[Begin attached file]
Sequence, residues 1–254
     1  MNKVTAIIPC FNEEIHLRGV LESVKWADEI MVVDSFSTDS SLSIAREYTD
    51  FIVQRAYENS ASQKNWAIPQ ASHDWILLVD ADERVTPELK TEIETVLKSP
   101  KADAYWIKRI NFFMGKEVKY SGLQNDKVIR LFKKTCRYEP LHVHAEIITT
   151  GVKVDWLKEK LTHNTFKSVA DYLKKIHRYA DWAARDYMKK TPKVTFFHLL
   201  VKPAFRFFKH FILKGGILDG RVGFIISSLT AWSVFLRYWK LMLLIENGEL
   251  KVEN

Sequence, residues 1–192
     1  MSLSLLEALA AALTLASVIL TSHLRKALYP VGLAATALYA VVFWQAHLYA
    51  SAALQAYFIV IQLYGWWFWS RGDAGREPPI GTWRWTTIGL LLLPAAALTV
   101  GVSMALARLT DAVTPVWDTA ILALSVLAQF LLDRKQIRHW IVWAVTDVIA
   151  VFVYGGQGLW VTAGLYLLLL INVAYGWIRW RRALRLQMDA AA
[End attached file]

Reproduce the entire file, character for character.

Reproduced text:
Sequence, residues 1–254
     1  MNKVTAIIPC FNEEIHLRGV LESVKWADEI MVVDSFSTDS SLSIAREYTD
    51  FIVQRAYENS ASQKNWAIPQ ASHDWILLVD ADERVTPELK TEIETVLKSP
   101  KADAYWIKRI NFFMGKEVKY SGLQNDKVIR LFKKTCRYEP LHVHAEIITT
   151  GVKVDWLKEK LTHNTFKSVA DYLKKIHRYA DWAARDYMKK TPKVTFFHLL
   201  VKPAFRFFKH FILKGGILDG RVGFIISSLT AWSVFLRYWK LMLLIENGEL
   251  KVEN

Sequence, residues 1–192
     1  MSLSLLEALA AALTLASVIL TSHLRKALYP VGLAATALYA VVFWQAHLYA
    51  SAALQAYFIV IQLYGWWFWS RGDAGREPPI GTWRWTTIGL LLLPAAALTV
   101  GVSMALARLT DAVTPVWDTA ILALSVLAQF LLDRKQIRHW IVWAVTDVIA
   151  VFVYGGQGLW VTAGLYLLLL INVAYGWIRW RRALRLQMDA AA